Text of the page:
The cost accounting Excel sheets include both direct and indirect costs. Direct items are allocated directly to a clinical department, and indirect items are firstly allocated to a support department (e.g., HR) and then to the clinical department. Indirect costs are typically administrative and facility management, which cannot be directly linked to a specific department. Finally, we have the category of hospital overhead costs, which are allocated to the clinical departments.


General assessment of all hospital cost accounts

Table 1 shows the aggregated findings of evaluating the 20 hospitals’ cost accounting reports. It can be observed that one region—E—is reporting its hospital costs collectively. The other regions report their hospitals’ cost accounting in four to six reports. Each of these reports comprises, on average, two physical hospital units. The inpatient and outpatient activities were identified as a size and activity indicator. These numbers stem from the actual patient administrative systems, which are used as an activity basis for DRG rate calculations (see Fig. 1). The cost allocation reports show the direct and indirect costs in absolute numbers. The direct costs comprise department costs. Thus, there is a distinction between direct department vs. direct diagnosis costs. In the cost allocation accounts, we find no detailed diagnosis costs. Therefore, the direct costs exist on an aggregated department level, illustrating a gross- rather than micro-costing approach according to Tan and colleagues’ [12] conceptual framework. We furthermore identify substantial variations in activity level and costs. The largest organizational account unit has total costs of nearly 8 billion DKK, whereas the smallest unit only has costs of 438 million DKK. On average, the indirect costs account for 25% of total costs, but on an organizational level, this varies from 21 to 29%. The number of department cost centers varies significantly (from 53 departments/functions to 291 departments/functions). A cost center is a department or function to which costs are allocated [2]. In this case, it is the final cost centers that are illustrated (i.e., clinical departments). These results illustrate large structural differences with variations in the services provided and how the hospitals are organized.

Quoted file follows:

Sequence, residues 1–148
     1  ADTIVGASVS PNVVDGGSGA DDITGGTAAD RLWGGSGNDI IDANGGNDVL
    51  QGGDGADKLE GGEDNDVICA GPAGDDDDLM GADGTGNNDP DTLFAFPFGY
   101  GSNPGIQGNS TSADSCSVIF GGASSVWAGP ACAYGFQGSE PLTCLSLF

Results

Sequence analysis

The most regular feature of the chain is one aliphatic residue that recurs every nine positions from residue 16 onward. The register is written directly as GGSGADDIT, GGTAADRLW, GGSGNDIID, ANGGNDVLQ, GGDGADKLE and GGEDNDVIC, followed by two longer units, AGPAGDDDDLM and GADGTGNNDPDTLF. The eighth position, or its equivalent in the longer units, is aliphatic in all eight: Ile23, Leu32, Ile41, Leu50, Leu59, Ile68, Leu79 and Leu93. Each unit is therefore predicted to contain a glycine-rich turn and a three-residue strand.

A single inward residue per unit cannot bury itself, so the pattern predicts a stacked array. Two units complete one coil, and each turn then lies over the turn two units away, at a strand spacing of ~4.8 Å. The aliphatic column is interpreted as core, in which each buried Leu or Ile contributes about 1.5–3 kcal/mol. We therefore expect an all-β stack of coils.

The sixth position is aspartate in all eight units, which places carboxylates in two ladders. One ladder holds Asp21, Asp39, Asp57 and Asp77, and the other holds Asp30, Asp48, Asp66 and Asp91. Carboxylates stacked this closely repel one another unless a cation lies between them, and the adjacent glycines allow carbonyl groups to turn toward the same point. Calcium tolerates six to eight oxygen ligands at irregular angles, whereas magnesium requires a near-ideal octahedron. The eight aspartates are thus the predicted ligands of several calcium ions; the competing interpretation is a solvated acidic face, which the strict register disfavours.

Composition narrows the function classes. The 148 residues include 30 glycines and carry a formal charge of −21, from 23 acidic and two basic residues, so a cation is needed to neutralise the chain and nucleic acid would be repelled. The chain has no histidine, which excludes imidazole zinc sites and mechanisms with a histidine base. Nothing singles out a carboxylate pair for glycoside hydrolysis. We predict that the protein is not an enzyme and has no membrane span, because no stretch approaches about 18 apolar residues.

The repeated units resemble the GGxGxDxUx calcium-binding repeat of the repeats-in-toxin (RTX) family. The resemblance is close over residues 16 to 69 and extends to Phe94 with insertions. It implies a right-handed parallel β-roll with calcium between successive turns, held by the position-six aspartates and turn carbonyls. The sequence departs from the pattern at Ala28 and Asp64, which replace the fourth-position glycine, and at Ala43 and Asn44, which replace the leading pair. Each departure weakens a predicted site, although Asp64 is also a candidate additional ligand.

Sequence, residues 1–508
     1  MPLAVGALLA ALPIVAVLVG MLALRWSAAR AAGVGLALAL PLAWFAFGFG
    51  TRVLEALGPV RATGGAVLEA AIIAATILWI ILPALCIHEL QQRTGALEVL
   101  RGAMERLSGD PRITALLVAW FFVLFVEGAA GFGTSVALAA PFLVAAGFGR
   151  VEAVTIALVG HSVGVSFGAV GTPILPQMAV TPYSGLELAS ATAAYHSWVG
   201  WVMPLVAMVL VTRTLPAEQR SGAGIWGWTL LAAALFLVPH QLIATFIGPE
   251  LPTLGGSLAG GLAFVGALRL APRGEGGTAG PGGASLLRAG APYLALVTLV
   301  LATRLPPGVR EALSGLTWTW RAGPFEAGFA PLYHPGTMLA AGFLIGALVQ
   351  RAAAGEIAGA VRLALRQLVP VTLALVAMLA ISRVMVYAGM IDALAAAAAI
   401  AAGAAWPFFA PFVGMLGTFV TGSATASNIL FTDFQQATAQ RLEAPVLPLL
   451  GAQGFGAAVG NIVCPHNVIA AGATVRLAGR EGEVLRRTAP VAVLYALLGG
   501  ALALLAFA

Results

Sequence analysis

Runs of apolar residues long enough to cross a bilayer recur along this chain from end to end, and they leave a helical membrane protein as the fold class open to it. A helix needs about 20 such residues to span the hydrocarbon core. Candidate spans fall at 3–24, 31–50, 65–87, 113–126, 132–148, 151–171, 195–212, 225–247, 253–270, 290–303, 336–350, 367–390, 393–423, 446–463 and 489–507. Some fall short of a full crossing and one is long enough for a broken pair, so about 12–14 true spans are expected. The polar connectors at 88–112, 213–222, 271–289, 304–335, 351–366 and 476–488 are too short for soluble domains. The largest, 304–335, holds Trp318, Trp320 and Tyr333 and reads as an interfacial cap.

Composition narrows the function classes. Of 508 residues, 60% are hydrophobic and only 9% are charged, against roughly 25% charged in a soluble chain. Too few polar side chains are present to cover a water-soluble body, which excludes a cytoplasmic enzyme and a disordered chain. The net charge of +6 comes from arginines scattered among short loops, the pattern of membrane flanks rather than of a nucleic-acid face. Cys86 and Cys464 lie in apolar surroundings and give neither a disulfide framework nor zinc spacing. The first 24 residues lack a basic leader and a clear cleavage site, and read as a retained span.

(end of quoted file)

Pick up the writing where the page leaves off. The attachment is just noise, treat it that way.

Table 1 Overview of cost account data